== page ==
What is Domestic Violence and What Can You Do About It?
Domestic violence refers to any instance or pattern of abusive behaviors committed by one family member against another, or between individuals who cohabitate or are involved in a dating relationship. Domestic violence can take many forms, including physical violence, assault and intimidation, sexual assault, and emotional abuse. Over the years, society’s shifting views on domestic violence have led to sweeping changes in both the civil and criminal legal systems.
When it comes to divorce and family law, family courts recognize the importance of directly addressing issues of domestic violence. As such, there are legal avenues available for victims to make their voices heard and to obtain protections or court rulings that take the circumstances and nature of domestic violence into consideration.
At McKinley Irvin, we are passionate about acting as bold advocates for victims of domestic violence, and our Portland family law attorneys have extensive experience handling domestic violence issues for clients during divorce and other family law proceedings. Our legal team is available to speak openly with local residents who want to know more about their options and how we can use our experience to help.
To help you better understand what you can do about domestic violence, especially when considering or initiating a divorce or other family law matter, we have outlined a few important things to know:
- Temporary Orders – Oregon family law courts take domestic violence seriously, and they provide opportunities for victims to request restraining orders. In cases where domestic violence presents an immediate danger, victims can seek temporary restraining orders that will be served to the accused individual faster than other court orders. In addition to temporary restraining orders, temporary emergency custody orders can also be granted if there is sufficient evidence that a parent poses an immediate danger to children.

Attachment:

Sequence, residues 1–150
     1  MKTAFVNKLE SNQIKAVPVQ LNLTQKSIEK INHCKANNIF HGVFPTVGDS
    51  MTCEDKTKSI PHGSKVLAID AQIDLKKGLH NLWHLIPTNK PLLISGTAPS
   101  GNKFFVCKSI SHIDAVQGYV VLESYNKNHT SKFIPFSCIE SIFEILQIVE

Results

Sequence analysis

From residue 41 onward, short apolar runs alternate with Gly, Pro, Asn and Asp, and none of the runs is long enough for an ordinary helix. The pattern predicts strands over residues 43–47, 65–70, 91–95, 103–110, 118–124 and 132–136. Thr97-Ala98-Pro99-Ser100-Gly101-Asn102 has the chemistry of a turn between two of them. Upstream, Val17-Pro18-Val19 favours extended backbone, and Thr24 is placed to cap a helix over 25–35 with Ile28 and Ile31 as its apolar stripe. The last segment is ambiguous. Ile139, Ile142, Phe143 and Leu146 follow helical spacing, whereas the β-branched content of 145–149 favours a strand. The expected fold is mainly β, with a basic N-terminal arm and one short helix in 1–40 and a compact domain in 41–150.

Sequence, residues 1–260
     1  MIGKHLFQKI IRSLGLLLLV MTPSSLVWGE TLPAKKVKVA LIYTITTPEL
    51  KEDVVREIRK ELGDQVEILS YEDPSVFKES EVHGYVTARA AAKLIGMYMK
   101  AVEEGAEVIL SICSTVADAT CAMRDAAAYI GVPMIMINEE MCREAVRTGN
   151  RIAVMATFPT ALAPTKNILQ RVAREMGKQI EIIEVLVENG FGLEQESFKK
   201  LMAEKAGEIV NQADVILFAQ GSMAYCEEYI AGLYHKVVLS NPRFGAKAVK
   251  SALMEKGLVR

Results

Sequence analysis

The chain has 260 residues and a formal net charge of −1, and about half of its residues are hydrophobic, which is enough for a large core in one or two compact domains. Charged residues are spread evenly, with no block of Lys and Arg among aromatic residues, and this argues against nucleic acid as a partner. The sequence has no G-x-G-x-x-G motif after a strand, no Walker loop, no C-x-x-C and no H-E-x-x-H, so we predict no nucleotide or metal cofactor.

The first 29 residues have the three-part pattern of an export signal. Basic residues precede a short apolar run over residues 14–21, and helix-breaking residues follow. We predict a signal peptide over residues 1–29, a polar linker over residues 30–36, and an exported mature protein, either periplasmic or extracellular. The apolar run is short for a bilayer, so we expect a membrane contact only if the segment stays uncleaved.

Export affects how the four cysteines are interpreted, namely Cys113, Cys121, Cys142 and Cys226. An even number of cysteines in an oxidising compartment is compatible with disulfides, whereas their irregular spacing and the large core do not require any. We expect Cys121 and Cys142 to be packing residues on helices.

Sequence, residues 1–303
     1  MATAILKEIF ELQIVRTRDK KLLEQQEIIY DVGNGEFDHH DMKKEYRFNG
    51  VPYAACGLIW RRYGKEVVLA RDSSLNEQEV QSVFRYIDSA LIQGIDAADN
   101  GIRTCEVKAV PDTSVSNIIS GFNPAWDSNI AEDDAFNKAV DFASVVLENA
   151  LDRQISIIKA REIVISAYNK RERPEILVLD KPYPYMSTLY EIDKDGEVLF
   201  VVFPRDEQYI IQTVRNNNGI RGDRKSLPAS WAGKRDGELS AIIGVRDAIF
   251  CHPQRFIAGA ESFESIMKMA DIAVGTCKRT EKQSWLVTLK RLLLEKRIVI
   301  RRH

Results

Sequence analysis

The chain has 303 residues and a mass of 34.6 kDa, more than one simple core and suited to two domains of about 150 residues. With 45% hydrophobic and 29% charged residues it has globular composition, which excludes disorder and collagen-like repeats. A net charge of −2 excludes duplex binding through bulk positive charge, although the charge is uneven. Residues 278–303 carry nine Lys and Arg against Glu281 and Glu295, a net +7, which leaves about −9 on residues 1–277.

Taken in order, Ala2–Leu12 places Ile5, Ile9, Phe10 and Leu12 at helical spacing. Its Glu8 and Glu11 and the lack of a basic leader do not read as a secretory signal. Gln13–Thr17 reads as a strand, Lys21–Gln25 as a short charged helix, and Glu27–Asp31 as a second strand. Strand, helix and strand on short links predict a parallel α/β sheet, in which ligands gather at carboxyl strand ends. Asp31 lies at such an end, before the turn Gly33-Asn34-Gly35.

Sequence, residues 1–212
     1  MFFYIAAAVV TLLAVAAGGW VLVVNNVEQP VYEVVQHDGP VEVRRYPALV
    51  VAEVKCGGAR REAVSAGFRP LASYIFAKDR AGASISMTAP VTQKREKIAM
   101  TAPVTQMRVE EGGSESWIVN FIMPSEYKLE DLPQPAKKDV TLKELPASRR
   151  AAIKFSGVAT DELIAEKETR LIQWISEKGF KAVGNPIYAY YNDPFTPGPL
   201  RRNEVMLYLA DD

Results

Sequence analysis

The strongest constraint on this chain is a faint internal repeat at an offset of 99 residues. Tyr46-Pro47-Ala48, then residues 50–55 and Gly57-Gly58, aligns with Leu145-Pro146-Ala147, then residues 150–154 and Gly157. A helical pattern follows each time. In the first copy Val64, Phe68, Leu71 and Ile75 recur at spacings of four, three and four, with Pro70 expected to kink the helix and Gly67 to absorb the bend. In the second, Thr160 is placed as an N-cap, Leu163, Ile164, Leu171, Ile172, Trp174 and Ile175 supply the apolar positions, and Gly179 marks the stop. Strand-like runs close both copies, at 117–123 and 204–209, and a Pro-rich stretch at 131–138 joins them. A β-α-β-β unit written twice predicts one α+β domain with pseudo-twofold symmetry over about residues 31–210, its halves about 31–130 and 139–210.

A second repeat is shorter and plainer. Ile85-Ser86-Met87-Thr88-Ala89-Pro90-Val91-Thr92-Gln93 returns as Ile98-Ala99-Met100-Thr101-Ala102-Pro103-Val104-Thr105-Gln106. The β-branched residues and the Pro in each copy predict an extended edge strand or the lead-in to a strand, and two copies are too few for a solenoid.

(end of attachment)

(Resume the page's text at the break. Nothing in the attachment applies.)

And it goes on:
- FAPA Orders – Aside from temporary restraining orders, victims may also request a Family Abuse Prevention Act (FAPA) restraining order, which can provide the same type of protection against abuse and violence, including terms that prohibit alleged abusers from living with victims, contacting victims, or approaching them in any way. FAPA restraining orders must be requested within 180 days of an act of abuse or violence, and parties who are served an order have 30 days to request a hearing to challenge them. FAPA restraining orders are valid for one year.
- Child Custody – For victims of domestic violence, child custody can be a challenging issue. If a parent has not committed acts of abuse against a child, they may have the ability to still see their children. However, parents can request that parenting time be suspended, supervised, or contingent on terms (such as not drinking around kids or not being around certain people). Oregon law does presume that placing a child with an abusive parent through joint or sole custody is not in a child’s best interests. In cases where an abusive parent does pose substantial danger to children, parental rights may be terminated.